In order to better understand the genetic determinants of smoking cessation, recent pharmacogenetic studies have investigated genes that may impact nicotine or bupropion activity and metabolism, and also components of the dopaminergic system related to addiction (Conti et al, 2008; Kortmann et al, 2010; Lee et al, 2007; Ray et al, 2010). Although replications are needed, variants identified in CYP2B6 and CHRNB2 may influence cessation rates for bupropion (Conti et al, 2008; Lee et al, 2007), and variants in the choline acetyltransferase (CHAT) gene may influence the success of NRT (Ray et al, 2010). In addition, several pharmacogenomics studies have investigated the effect of nicotine metabolism rates directly, through analysis of nicotine metabolites (Benowitz, 2009) with reproducible associations with smoking cessation (Ray et al, 2009).
Here, we describe the first pharmacogenetic analysis of smoking cessation in a large population of smokers derived from placebo-controlled clinical trials testing the efficacy of varenicline and bupropion. In addition to drug metabolizing and nicotinic receptor genes, we investigated the primary varenicline transporter (SLC22A2), additional genes in the chromosome 15q25 locus (IREB2, LOC123688, and PSMA4), and two serotonin receptors (HTR3A and HTR3B) whose expression in the gut may contribute to nausea while on varenicline treatment (Gershon, 2004). We also examined whether variation in these candidate genes is associated with time to relapse to smoking or to nausea while on treatment.
Subjects included in this study had participated in one of three randomized, double-blind, placebo-controlled smoking cessation clinical trials comparing varenicline, a nAChR partial agonist, with bupropion, a norepinephrine and dopamine reuptake inhibitor, and placebo (Box 1). The three trials have been described in detail previously (Gonzales et al, 2006; Jorenby et al, 2006; Oncken et al, 2006). In brief, all of the studies included a 12-week treatment period and 40-week non-treatment follow-up. Participants were healthy men and women; all had smoked an average of at least 10 cigarettes per day (CPD) during the past year, with no period of abstinence longer than 3 months, and were motivated to quit. For these clinical trials, patients were excluded if they had a history of alcohol or other drug abuse or dependence in the previous 12 months. Clinical trial endpoints included carbon monoxide-confirmed continuous abstinence from weeks 9 to 12 and weeks 9 to 52 (Gonzales et al, 2006; Jorenby et al, 2006; Oncken et al, 2006), and time to smoking relapse. Relapse to smoking after abstinence from weeks 9 to 12 was indicated either by patient-reported cigarette (as little as a single puff) or other nicotine use, or by an expiratory carbon monoxide measurement exceeding 10 p.p.m.
An optional blood sample was collected from clinical trial subjects for pharmacogenetic analysis to investigate potential associations between genetic variants and varenicline response and general characteristics of smoking cessation. Sample collection was not required for participation in the original clinical trials; however, >50% of clinical trial subjects across all treatment arms volunteered to participate in the pharmacogenetic analysis.
Candidate genes of interest included the genes identified on Chr15q25 (including the CHRNA5, CHRNA3, and CHRNB4 gene cluster), the remaining nAChR subunit genes, genes encoding the varenicline transporter (SLC22A2) and serotonergic targets hypothesized to be involved in varenicline-induced nausea (HTR3A, HTR3B), as well as cytochrome P450 (CYP) genes involved in nicotine and bupropion metabolism (Box 2). Varenicline is highly selective for the α4β2 nicotinic receptor (Ki=0.17nM) (Pfizer, 2010), but also shows moderate affinity (Ki=350nM) for the 5-HT3 receptor and other common nicotinic receptors.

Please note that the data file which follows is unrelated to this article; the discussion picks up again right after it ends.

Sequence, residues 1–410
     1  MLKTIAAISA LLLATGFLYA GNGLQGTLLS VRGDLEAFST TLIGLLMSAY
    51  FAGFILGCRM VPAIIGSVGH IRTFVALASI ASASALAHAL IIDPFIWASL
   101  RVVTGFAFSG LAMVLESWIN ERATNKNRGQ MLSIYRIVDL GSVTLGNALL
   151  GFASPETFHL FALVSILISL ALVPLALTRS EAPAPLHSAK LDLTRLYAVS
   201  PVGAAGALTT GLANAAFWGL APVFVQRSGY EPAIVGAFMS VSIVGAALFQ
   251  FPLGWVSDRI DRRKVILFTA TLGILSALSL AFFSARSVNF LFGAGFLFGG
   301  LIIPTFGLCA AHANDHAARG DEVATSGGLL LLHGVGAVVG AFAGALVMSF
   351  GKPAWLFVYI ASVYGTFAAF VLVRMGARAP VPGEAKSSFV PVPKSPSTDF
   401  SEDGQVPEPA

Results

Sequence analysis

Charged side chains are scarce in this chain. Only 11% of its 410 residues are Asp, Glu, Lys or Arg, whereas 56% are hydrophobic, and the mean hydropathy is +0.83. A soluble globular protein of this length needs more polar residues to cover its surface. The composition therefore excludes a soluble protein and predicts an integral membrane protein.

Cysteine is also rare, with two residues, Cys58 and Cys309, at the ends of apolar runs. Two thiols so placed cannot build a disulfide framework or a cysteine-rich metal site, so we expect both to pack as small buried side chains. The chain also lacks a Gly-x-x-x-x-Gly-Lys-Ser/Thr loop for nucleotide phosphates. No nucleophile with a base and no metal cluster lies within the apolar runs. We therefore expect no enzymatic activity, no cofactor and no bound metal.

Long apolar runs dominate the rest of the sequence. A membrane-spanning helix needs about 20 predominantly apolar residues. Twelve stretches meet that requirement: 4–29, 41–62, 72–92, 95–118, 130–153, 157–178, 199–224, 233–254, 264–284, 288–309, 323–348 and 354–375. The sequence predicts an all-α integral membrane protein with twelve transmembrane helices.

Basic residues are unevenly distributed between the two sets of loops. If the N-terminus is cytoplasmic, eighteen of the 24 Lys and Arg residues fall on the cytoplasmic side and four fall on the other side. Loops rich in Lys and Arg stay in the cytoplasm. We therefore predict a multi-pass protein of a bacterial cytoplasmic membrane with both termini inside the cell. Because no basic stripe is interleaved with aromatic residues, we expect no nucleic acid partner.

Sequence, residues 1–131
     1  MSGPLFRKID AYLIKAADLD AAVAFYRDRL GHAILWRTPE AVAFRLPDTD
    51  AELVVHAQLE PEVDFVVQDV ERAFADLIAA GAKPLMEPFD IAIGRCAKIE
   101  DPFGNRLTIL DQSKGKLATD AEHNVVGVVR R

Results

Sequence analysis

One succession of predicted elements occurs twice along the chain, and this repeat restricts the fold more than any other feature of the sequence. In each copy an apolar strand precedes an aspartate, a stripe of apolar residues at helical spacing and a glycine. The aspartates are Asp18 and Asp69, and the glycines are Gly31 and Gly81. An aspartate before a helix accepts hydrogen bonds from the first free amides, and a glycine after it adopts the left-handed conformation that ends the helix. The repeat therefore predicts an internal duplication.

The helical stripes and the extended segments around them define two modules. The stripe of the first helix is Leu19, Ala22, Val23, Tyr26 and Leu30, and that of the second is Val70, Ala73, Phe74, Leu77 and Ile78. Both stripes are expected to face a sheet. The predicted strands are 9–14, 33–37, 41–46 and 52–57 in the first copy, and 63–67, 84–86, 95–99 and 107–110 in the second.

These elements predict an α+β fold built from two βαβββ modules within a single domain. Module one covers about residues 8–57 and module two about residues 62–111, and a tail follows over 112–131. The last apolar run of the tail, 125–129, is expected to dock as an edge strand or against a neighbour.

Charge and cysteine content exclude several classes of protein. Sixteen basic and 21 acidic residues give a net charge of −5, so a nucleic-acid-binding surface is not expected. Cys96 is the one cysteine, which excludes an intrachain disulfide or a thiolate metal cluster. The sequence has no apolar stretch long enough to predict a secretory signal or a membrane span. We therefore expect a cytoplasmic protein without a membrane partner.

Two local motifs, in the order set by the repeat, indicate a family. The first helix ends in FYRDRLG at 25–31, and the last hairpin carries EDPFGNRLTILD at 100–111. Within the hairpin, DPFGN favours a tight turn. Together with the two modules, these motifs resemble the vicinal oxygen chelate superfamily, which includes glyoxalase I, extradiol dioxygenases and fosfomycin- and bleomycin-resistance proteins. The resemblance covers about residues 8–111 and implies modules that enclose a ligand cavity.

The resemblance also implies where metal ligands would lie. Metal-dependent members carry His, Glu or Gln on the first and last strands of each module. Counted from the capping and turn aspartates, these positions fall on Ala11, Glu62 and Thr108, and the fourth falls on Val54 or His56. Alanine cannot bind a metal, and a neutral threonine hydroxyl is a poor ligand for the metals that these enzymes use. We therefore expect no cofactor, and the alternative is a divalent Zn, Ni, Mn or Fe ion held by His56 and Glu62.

Primary genotyping was performed on the Illumina GoldenGate platform, with 975 candidate gene single-nucleotide polymorphisms (SNPs) and 216 ancestry informative marker SNPs. In addition, 89 complementary SNPs were genotyped using ABI Taqman and SNPlex methods. Genotyping call rates for all samples were 94% (mean=99.8% median=99.8%). Genotyping call rates for all SNPs were 97% (mean=99.8%, median=99.9%). SNPs were tested for Hardy–Weinberg equilibrium. In total, 12 SNPs were significantly out of HWE (p<0.0001). None of these were associated with any phenotypes tested here. Multidimensional scaling analysis of the ancestry informative markers identified four subjects that did not cluster with the subjects of European ancestry. These subjects were excluded from the analysis.
Genetic associations for continuous abstinence rates and nausea incidence were assessed using logistic regression, assuming an additive genetic model. A survival model was used to assess the relapse data; specifically, a proportional hazards model was fitted to determine whether the time to relapse was affected by genotype. The proportional hazards assumption was checked using plots of the log-log survival (relapse) curves. The relapse analysis also assumed an additive genetic model. Our analysis was limited to SNPs whose minor allele frequency was >5% in our overall genotyped population, reducing the total number of candidate gene SNPs analyzed to 785. For each analysis, a treatment × genotype interaction term was initially included in the model. For markers with at least marginally significant interaction with treatment (p<0.20), the analysis was performed for each treatment group separately, as well as for all subjects together and adjusted for treatment. When the interaction was not significant, the data were analyzed as a single pooled sample, adjusted for treatment. To correct for multiple testing in which many markers were in strong linkage disequilibrium (LD), we selected individual SNPs representing bins of highly linked SNPs (r2>0.8), with a single SNP for each bin included in a false discovery rate, multiple test correction approach (bins were derived from the Caucasian population described here). This reduced the total estimated number of independent tests from 785 to 254. All of the p-values reported here fell below a q-value of 0.2, using this approach.